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Where Did They Go?3>
Babcock, William Henry, after serving in the 11th Regiment, and his wife, Cecelia A. Kingsley Babcock came to Hiawatha, Brown County, Kansas, in October/November 1868. They homesteaded 80 acres and remained in the area the rest of their lives. (descendant)
Bixby, Charles Henry - migrated to Wakefield, Clay Cty., Kansas by 1871. He returned to VT before Dec., 1875 and returned to Riley, Riley Cty., Kansas before 1887. He lived in various locations in Clay, Riley, and Sumner Counties in Kansas until his death in 1919. His line of work was a Transfer Wagoneer. (Doug Wipff, email@example.com, 2nd-great-grandson)
Cook, William Wallace - an apprentice to a leather craftsman but ran away and enlisted in the Civil War. He obviously misrepresented his age, as he enlisted just days after his 15th birthday. He claimed Shelbourne Vermont as his residence, and enlisted August 29,1847 a few days following the enlistment of his brother, Franklin M. Cook, who did not survive the war. He was discharged with wounds April 12, 1864. He lost a leg, and was hospitalized in Boston, where he met and married Clara Esther Dearborn on July 4, 1865. In the marriage record, he gave his occupation as farmer, but soon opened a leather shop in Newark New Jersey, and remained there intil 1871. The shop was successful. and he was joined there by his brother, Charles, teaching him the trade. Doctors advised William Wallace to go west for his health, and in July 1871 he moved his family to Kansas, where Charles (J.) had gone earlier. The homesteaded on Upper Humboldt Creek near Junction City Kansas. W. W. found farming strenuous for a man with an artificial leg, so he went east during the winter months to do leather work for additional income. After about a year or so of this he began contracting to build roads, water and light plants, and sewer systems. This field of business was quite profitable for him, according to the family legends. (descendant)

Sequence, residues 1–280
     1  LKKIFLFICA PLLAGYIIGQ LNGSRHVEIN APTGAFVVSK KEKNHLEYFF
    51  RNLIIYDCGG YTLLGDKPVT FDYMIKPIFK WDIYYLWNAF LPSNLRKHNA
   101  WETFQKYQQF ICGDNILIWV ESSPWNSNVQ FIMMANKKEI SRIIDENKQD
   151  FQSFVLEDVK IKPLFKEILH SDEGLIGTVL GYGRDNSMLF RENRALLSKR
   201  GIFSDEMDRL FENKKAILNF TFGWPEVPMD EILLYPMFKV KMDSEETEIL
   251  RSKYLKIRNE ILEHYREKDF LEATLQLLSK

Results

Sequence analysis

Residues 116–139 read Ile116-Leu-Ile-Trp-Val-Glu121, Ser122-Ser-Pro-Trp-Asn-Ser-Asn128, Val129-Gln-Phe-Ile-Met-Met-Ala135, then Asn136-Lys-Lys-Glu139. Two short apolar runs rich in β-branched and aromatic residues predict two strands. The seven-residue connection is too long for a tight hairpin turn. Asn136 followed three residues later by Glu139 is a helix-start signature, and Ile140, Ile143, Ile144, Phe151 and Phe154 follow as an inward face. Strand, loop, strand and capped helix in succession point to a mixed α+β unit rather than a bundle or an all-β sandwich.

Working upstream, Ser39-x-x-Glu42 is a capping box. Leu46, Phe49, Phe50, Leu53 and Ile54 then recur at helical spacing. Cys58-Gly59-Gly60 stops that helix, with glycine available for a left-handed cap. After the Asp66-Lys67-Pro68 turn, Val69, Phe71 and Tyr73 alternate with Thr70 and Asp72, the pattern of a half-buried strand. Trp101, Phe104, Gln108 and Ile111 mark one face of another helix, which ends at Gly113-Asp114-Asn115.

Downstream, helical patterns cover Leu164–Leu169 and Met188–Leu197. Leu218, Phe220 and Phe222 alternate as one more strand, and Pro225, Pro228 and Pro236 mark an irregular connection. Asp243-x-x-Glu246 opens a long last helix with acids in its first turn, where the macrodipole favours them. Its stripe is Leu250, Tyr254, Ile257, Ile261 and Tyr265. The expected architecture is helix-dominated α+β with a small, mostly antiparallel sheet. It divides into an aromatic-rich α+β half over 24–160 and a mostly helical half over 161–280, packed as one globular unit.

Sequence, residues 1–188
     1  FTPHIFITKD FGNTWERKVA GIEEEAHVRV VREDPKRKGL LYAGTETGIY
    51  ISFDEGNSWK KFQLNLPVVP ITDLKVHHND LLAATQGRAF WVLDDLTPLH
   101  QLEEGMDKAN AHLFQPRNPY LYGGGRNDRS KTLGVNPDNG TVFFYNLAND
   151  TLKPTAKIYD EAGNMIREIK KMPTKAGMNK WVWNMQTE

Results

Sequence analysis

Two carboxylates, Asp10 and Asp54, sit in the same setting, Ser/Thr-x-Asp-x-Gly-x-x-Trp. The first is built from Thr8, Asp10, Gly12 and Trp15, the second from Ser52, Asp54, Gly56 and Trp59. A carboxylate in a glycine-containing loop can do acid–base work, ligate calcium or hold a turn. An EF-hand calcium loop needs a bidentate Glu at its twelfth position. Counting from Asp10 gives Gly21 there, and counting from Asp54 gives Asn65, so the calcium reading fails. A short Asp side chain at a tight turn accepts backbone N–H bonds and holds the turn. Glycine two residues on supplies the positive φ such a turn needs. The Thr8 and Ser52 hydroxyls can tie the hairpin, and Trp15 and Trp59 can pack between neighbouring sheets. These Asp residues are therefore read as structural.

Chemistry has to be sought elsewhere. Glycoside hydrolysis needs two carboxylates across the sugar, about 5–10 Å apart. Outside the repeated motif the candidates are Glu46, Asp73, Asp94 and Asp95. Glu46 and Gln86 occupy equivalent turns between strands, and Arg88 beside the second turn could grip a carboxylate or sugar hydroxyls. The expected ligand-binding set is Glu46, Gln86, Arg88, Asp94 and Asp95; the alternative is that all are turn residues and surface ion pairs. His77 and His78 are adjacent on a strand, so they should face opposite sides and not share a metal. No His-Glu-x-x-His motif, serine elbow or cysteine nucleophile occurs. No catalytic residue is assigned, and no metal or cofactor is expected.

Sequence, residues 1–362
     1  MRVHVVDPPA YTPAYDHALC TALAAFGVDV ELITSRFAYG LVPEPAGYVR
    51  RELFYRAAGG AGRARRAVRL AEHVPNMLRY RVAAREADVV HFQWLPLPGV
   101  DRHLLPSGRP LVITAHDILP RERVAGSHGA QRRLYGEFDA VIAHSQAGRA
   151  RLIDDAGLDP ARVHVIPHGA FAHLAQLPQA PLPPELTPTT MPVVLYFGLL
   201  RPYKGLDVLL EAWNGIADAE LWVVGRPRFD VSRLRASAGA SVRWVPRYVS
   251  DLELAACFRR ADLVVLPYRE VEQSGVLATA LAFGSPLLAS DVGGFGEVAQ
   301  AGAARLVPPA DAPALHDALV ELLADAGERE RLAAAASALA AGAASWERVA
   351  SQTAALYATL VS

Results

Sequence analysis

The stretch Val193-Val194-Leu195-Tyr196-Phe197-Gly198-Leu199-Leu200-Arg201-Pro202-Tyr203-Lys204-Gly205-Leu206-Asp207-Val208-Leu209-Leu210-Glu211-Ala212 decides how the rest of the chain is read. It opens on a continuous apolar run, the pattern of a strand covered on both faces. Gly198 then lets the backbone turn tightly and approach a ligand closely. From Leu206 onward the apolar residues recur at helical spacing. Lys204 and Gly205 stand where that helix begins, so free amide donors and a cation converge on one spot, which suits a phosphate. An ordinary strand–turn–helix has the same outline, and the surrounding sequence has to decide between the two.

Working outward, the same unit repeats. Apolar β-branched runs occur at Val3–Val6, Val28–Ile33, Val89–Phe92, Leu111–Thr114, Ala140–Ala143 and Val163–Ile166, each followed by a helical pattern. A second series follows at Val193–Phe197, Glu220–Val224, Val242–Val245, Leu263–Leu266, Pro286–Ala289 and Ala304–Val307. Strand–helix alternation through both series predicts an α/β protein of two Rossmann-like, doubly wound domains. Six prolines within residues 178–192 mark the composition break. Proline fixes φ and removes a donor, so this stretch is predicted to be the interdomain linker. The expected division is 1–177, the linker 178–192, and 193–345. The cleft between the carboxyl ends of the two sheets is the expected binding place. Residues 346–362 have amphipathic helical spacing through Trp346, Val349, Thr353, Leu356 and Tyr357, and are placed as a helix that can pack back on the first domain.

Elkins, Riley, of Troy, VT, after serving in the 8th Regiment, moved to Kansas, and was a successful farmer. (descendant)
Farrow/Ferron, Thomas was born 18 April 1846 in St. Aime, Quebec. He enlisted 18 August 1862 in Canaan, Vermont. His entire enlistment was served in Company "E", Third Vermont Infantry. He was wounded on 12 May 1864 at Spotsylvania Courthouse and saw no further service. After the war he settled for awhile in Fall River, Massachusetts where he married Marie Adelaide Narbonne on 15 March 1874. Their eldest son, David Allen Ferron, was born in Lowell, Massachusetts on 30 May 1876. Thereafter they moved to Cloud County, Kansas to take advantage of the double portion offered veterans through the Homestead Act of 1862. Four more sons and a daughter were born in Kansas. ThomasFerron died 10 July 1934 in Mulberry Township, Kansas and was buried in the cemetery at St. Joseph's Catholic Church. My wife, Theresa, is granddaughter to his eldest son, David. (descendant)
Hatch, Marshal Taylor; migrated from Vermont to Nebraska and then came to Gridley, Kansas. (Dorene Smith, great-granddaughter)
Howard, Arial, his wife Ann Margaret, daughter Eva and son Wilber left Vermont in 1866. They lived in Illinois for awhile and then on to Lyon Co, Kansas where they lived until his death. (descendant)
Kenesson, Daniel, homesteaded in Kansas, settling in what was Howard County, later Chautauqua County. He lived in Cedar Vale, Kansas, and then Sedan and Elgin--all close by. The last few years of his life were in Geuda Springs. He was a boot maker and operated a general store and an Opera House that was quite famous in Cedar Vale, Kansas. (descendant)
Lawrence, Asahel migrated to Clay County, Kansas with a land grant, where he farmed for several years before opening a grocery store in Clay Center, Kansas. He ran into his old friend Will P. Gates in Kansas, also a Musician in the Civil War, and they played in the Fife & Drum Corps in Kansas for many years. Asahel had 3 brothers who also served in the Civil War: Alfred and Mackson in Co. D with him, and Horace in Co. B, 3rd Infantry. NOTE: We have the original snare drum that ggrandfather Asahel played in the Civil War, and the original drumsticks he used while playing in the Fife & Drum Corps in Clay Center! (Kent Lawrence, Asahel's great-grandson)
Packard, Albert; migrated to Miami Co. Kansas in 1868, after marrying his teacher of 40, he was 20 years of age. In 1869, he applied for an increase in pension due to bone fragments causing open wounds which never healed (wounded by a "rebel minnie ball at Po River - 5/11/1864) - pension increased from $12 to $24. He died of these wounds in 1902. Miami Co. Kansas was at the center of the "bloody Kansas" free-state, slave state controversy during the late 1850's and early 60's. Cemetery inscription: "He was good, kind, faithful and kind to all."
Skinner, Joseph; returned home for an undetermined time after the War. By 1873, he had migrated to Kansas. (descendant)
Tucker, Perley (15th Inf., Co. I), is buried in the Dover Cemetery in Dover, Kansas.
Woodward, William F. (8th Inf, Co. B), migrated to Phillipsburg, Kansas after the war. He returned to Vermont with his son, Lemuel, and daughter-in-law, Viola, about 1895. (descendant)